President Xi Jinping this month emphasised the need to “minimise the impact” of the virus on the country’s economy after southern tech hub Shenzhen was locked down. In Shanghai, authorities had indicated that a full-scale lockdown was not necessary a few weeks ago, although buildings with positive cases were often sealed off.
However, the Western press has been attacking the China “zero Covid” strategy because it shows that the West’s claims of There Is No Alternative to be hollow. So it’s not clear that one remark by Xi has not been given too much weight. As GM noted:
Regarding the pandemic, not being able to read primary sources, I have had to rely on odds sources here and there for such things, and the resulting very primitive understanding I have is that the Shanghai local powers are somewhat of an opposition to Beijing, probably the largest such center given the importance of Shanghai, and more closely connected to the West too, so in a way it would make sense for them to try to sabotage containment given that Xi has to be reelected later this year and rampant COVID all throughout China is supposed to hurt him big time. And when I think about, most of the local Chinese experts that do talk about letting it rip have been from Shanghai too, which fits such an interpretation. What doesn’t make that much sense is the central government allowing this to happen so readily, and there is of course the alternative interpretation that at this point continuing containment efforts might be seen as a bigger political price to pay, so Xi himself will abandon them. But then there will be at least a million dead in the coming months…
Unfortunately it’s basically impossible to figure out what is going on from English-language sources — most of those outlets are Western-aligned and spent more than a year pressuring Hong Kong to commit mass murder against its elderly, eventually with success, the rest are propaganda outlets who do no reveal anything of substance. And I somehow, despite so many years doing what I do, have never worked sufficiently closely with anyone Chinese to a level where such issues could be discussed, they all immediately deflect any attempts to steer the conversation away from talking about anything internal to China…
The flip side is that Twitter has made much of anti-lockdown protest in Shenzhen:
This video appears to show a protest in Shenzhen from two days ago in which residents are demanding an end to the lockdown.
— Kevin Slaten (@KevinSlaten) March 24, 2022
However, all I have seen so far is two clips, posted many times each, of what may be two separate events. Even so, one shows at most 100 people, for the other the crowd size is bigger but still looks shy of 1000. In other words, the video evidence, which is usually good at over-selling, does not support the claims of large-scale protests.
But if there really is a lot of unhappiness, that’s the result of a messaging failure. How many people in China know that male life expectancy in the US has fallen by over two years during Covid? Or about the prevalence and severity of long Covid and other forms of damage, even from asymptomatic and mild cases? How about the danger of T-cell exhaustion and resulting increased odds of getting cancer? Or that reinfections appear to be more severe?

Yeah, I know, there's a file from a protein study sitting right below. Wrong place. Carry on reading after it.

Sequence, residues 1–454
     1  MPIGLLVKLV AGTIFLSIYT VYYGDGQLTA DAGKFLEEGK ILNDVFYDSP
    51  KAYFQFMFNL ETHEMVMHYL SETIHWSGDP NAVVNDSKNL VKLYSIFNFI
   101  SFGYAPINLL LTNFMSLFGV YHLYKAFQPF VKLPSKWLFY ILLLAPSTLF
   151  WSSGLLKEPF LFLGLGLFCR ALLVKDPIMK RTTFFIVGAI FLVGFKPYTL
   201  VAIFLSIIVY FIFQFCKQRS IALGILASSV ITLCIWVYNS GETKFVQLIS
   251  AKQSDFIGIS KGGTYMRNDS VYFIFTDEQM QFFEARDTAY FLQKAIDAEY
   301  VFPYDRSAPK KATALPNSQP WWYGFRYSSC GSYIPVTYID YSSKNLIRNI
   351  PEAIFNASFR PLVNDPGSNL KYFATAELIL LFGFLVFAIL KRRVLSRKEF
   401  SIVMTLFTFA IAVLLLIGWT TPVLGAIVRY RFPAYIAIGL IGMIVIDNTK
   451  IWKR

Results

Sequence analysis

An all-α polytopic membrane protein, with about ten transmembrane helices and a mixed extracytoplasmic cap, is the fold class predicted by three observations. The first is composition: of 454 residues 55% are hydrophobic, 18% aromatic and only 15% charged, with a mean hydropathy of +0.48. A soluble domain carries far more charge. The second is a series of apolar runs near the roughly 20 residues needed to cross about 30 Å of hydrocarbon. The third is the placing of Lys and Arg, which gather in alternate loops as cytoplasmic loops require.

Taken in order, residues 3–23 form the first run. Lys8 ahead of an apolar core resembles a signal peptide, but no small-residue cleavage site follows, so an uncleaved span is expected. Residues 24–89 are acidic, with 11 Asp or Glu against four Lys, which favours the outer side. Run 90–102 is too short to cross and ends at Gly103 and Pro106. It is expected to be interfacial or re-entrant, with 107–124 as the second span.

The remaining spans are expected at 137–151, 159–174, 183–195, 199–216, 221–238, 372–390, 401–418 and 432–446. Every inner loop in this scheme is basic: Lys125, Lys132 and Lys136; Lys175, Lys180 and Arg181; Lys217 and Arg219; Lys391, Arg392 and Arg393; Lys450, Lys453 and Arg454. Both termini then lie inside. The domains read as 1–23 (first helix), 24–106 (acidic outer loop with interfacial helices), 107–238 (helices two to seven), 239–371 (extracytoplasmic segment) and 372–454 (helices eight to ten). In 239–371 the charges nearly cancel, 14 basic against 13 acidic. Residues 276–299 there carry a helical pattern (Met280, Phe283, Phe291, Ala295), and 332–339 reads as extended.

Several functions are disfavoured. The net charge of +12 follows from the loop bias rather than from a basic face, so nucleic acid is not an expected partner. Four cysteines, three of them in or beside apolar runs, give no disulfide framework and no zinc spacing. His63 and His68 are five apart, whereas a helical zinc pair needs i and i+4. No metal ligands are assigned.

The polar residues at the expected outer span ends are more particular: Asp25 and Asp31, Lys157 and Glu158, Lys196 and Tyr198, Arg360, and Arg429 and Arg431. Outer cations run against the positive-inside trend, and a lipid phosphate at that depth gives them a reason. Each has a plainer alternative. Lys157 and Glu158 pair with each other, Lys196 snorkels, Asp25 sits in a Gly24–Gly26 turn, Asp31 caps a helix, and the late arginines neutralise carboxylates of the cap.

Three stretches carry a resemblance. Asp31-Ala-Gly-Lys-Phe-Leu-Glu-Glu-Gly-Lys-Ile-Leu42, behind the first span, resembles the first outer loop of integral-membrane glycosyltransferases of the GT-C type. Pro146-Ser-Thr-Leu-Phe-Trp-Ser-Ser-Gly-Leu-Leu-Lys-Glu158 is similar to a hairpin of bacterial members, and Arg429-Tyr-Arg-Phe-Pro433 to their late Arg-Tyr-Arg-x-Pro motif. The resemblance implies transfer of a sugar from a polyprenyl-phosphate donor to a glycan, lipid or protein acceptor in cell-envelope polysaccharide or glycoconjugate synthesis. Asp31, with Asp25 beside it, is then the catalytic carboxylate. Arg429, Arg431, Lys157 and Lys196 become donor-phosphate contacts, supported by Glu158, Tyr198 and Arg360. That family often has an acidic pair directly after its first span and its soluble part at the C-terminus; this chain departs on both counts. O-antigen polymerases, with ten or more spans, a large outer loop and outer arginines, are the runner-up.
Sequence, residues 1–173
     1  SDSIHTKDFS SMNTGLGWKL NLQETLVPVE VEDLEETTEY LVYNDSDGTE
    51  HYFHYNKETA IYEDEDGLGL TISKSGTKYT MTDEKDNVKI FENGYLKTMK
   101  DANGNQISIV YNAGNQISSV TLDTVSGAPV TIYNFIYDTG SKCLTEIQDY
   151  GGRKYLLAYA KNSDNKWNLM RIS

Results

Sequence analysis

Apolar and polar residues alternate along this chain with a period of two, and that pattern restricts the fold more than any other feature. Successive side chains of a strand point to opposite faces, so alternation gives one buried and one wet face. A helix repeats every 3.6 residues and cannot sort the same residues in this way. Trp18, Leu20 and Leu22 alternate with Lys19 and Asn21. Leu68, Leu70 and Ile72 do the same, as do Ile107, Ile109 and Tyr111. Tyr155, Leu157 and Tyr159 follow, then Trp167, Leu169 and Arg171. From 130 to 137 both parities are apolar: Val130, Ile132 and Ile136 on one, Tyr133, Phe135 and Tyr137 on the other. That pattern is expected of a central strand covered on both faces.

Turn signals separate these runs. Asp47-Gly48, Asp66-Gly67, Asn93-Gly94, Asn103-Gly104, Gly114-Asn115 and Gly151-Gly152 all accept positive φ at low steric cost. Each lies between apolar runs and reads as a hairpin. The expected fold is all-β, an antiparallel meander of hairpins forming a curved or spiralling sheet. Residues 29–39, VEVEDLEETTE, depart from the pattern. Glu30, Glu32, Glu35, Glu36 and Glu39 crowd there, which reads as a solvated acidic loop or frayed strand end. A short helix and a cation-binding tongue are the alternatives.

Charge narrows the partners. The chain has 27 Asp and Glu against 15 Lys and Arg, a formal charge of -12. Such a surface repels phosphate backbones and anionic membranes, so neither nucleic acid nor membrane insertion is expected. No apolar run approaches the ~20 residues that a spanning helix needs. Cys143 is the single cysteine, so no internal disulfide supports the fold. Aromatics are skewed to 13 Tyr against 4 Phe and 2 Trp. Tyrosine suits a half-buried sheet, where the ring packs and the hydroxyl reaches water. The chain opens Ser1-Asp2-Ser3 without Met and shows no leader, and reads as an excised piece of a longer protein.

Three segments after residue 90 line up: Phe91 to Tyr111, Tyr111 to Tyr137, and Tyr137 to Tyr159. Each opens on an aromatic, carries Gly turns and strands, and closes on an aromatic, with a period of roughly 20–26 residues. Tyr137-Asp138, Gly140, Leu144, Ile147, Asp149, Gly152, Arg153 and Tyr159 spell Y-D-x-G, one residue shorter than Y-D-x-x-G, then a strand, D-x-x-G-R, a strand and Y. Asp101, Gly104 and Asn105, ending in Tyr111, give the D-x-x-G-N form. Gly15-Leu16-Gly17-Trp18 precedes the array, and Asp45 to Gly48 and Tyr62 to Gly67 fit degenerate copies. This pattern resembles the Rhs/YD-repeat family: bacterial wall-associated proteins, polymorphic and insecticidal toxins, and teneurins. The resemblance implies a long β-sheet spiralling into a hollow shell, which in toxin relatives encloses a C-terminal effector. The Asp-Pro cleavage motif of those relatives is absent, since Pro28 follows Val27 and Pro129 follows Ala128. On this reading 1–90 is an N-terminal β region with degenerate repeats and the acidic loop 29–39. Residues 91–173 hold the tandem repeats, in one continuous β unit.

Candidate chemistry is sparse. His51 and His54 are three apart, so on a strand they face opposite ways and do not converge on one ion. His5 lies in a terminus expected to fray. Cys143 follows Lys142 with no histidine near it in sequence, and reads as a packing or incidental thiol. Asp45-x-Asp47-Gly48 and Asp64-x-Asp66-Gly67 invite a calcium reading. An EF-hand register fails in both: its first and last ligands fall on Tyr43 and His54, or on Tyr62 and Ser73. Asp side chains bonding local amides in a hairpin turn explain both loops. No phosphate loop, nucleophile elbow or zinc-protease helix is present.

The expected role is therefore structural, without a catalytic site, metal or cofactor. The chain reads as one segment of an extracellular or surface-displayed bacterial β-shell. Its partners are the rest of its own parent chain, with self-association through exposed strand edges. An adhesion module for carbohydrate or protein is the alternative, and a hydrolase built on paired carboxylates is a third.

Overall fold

Michael Pettis, citing the South China Morning Post, highlighted the notion that the big business centers have some ability to defy the central government:
"For local authorities in poorer cities," SCMP adds, "economic costs may be nothing compared with the political implications of a runaway outbreak."
— Michael Pettis (@michaelxpettis) March 18, 2022
We might have a better guess down the road if the sudden volte face was the result of Xi refining his ideas of the proper tradeoff between public safety and commerce, or if this was a raw power struggle, that Shanghai tried defying Beijing and was slapped down as case counts were discovered to be what the central government thought was unacceptably high.
Either way, this development indicates that China isn’t on board with “Let ‘er rip” and even if it does relax its zero Covid line a bit, its tolerance for contagion will be far lower than what the rest of the world has come to accept.
To add about the Soviet system.
The whole reason we were sentenced to dying of COVID (because this is the ultimate fate of most people alive today without elimination of the virus — the repeated infections will lead to a drastic shortening of life expectancy, even if the immediate cause of death gets recorded as stroke, heart attack, slow wasting due to the sustained overall damage, etc.) is the absolutely screwed up system of capitalism.
We had to pause the economy to eliminate the virus (nothing new on its own — the economy has been paused to contain countless outbreaks in the past, the only difference in this case was the scale), but we can’t do it without a debt jubilee, and we can’t have a debt jubilee because first, it has been a mortal sin to even discuss that for the last couple millennia (as Michael Hudson has been explaining for many years), second, the financial system would collapse anyway as nobody can actually track the quadrillion-plus dollar or whatever the hell it is in size tangled mess of debt obligations.
We had to also take from the rich and give to the poor to support the latter for the duration of the elimination program. Can’t have that, the only taking and giving that is allowed is from the poor and to the rich.
And we had to do wartime mobilization of society to deal with the threat. Can’t have that either, the last time this was done in WWII it took decades to undo the damage caused in terms of getting ideas in people’s heads about doing things for the common good (which usually comes packaged together with some kind of redistribution).
Meanwhile let’s imagine the Soviets were still around and had to deal with COVID.
First, there is no tangled mess of debt to collapse. They could pause the economy at any moment, and it would not have been a problem at all. The 5-year plan execution may suffer, but that is a self-imposed restraint, not a real one, there is no serious real material problem.